Thousands of protesters demonstrated in Miami outside the building where talks were taking place to create a free trade zone for North and South America. Negotiators approved a draft text Wednesday of an agreement to create a 34-nation Free Trade Area of the Americas. In Washington, Federal Reserve Chairman Alan Greenspan warned that "creeping protectionism" could jeopardize the nation's ability to erect trade barriers without negative consequences. Greenspan said ballooning trade deficits have not yet hurt the US economy, and he did not single out any protectionist moves. But his announcement followed criticism of the Bush administration for imposing high tariffs on steel and its decision this week to limit certain types of Chinese textiles and clothing.
Lawmakers from both parties overwhelmingly approved legislation to overhaul the $7 trillion mutual-fund industry with measures aimed at preventing trading abuses such as those recently uncovered. The House bill would impose penalties against fund trading abuses, make directors on company boards more independent from fund managers, and require companies to disclose more information to investors about fees and fund operations.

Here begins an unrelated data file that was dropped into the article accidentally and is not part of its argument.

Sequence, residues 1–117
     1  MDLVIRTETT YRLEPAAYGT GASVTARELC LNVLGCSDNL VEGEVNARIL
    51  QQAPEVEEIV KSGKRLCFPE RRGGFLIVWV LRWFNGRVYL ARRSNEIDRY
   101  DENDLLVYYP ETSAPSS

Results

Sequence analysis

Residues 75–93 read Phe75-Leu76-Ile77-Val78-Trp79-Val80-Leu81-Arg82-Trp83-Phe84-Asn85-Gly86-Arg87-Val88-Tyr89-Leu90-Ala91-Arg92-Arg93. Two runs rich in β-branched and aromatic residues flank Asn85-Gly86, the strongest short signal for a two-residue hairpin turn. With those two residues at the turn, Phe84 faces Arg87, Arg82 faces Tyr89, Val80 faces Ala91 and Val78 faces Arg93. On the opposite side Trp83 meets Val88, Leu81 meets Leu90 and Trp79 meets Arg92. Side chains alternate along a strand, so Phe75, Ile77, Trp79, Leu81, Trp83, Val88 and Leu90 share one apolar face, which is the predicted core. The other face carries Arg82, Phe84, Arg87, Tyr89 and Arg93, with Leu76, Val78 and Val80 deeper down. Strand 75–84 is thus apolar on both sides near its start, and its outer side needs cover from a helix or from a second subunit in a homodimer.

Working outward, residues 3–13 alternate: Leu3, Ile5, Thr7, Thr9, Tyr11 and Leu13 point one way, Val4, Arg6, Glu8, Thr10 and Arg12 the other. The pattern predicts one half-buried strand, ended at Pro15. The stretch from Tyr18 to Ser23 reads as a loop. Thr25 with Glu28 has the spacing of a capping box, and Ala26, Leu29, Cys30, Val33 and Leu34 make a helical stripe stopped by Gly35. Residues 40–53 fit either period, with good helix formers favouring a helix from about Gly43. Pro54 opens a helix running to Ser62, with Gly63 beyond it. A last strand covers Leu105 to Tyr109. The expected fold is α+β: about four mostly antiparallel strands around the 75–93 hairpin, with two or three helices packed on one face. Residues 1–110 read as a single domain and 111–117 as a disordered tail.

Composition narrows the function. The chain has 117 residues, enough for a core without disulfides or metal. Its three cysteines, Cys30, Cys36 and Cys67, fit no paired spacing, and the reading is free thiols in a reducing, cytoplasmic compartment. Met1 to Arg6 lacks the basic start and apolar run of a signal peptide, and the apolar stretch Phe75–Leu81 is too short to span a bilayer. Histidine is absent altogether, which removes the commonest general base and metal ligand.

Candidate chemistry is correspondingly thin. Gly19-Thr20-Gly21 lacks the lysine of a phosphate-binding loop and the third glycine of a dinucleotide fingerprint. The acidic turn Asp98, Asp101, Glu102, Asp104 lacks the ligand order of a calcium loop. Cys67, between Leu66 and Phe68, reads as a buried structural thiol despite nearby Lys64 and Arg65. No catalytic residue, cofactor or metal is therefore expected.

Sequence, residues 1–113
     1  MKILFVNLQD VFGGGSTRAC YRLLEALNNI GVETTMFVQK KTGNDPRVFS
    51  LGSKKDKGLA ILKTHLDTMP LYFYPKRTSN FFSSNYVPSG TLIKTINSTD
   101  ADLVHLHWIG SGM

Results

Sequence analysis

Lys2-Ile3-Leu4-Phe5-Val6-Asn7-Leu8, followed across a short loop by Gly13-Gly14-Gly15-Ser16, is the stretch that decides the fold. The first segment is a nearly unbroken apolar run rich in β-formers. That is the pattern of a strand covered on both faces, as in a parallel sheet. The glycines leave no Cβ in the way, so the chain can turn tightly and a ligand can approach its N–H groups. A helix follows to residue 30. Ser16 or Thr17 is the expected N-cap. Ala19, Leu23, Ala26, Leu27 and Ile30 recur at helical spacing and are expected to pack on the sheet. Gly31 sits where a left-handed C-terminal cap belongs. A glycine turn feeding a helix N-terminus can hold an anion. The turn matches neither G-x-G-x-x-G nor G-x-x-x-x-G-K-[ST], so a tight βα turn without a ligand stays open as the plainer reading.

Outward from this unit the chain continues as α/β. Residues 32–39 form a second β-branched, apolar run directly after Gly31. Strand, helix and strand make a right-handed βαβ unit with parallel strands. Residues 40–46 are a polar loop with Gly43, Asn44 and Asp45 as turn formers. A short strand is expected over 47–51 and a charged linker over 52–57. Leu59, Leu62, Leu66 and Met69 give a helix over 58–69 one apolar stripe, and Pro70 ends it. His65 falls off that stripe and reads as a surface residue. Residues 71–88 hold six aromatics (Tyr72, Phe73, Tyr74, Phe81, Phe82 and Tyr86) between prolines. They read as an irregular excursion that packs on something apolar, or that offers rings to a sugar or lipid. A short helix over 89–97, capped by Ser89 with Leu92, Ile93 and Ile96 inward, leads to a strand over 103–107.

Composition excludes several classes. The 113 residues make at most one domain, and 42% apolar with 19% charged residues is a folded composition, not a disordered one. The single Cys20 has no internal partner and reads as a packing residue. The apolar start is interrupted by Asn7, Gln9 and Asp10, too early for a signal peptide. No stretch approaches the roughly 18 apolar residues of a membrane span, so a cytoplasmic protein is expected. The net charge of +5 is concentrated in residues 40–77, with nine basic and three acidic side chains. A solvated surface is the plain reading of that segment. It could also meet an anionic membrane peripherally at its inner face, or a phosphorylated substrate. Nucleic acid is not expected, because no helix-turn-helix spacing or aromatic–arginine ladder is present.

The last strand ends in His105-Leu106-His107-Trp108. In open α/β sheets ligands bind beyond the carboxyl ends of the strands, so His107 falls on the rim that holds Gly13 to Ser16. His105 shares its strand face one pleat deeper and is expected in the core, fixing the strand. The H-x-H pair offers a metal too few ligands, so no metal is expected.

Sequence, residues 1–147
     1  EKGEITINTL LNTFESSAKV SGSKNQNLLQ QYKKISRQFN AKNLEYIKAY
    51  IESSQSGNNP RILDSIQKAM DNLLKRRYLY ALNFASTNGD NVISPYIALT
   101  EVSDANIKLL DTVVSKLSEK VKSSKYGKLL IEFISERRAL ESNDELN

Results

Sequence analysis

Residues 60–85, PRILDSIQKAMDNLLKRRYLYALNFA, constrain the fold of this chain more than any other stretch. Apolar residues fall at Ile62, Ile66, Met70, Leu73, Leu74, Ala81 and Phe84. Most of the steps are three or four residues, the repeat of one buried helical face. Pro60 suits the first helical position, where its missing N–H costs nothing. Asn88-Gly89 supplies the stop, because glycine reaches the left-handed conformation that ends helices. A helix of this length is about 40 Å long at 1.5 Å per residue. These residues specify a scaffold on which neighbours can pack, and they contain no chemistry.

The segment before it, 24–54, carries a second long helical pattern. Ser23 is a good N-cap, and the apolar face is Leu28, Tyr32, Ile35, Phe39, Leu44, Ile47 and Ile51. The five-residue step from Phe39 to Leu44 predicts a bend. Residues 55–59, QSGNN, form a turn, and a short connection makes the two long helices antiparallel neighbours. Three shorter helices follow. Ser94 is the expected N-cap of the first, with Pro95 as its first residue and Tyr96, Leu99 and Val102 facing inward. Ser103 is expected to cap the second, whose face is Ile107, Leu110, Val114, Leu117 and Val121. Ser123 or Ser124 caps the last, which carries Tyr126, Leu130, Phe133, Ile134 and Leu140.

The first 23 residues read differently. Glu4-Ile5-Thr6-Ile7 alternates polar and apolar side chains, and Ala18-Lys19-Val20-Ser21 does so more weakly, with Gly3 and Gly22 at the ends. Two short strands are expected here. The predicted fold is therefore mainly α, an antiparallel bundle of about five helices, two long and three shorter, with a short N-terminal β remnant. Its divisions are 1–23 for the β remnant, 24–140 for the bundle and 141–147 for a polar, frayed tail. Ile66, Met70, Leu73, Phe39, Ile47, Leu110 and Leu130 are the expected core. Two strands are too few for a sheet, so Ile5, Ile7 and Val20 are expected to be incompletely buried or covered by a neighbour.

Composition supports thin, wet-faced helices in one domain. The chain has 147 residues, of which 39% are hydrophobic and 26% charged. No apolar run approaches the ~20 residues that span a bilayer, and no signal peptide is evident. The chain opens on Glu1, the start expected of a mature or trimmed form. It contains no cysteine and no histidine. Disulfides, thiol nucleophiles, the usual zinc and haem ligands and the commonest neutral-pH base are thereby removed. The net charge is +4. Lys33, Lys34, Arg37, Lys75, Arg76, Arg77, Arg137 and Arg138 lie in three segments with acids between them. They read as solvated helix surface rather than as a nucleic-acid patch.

An investigation into the nation's worst blackout found that a computer malfunction at Akron, Ohio, based FirstEnergy Corp. was to blame for the Aug. 14 outage that spread through eight states and Canada. A US-Canadian task force reported that power grid operators were inadequately trained and computer problems in the control room kept them from recognizing immediately that failures on three lines were causing instability on the Midwestern power grid.
Authorities are investigating whether conservative talk-show host Rush Limbaugh illegally funneled money to buy prescription painkillers, a Florida law enforcement source said Wednesday on condition of anonymity. In his third day back on the air after drug treatment, Limbaugh responded with a blanket denial of the allegations first reported Tuesday by ABC News. "I was not laundering money. I was withdrawing money, for crying out loud," Limbaugh said.
Michael Jackson was expected to surrender to Santa Barbara, Calif., authorities to face child molestation charges, said the pop star's attorney Brian Oxman. Jackson's arrest warrant set bail at $3 million and the singer was directed to give up his passport, authorities said. Family friend Steve Manning told ABC News that Jackson feels "he's been wrongly accused and he's going to fight this tooth and nail." Jackson faced similar allegations 10 years ago when he paid a multimillion-dollar settlement to an alleged victim.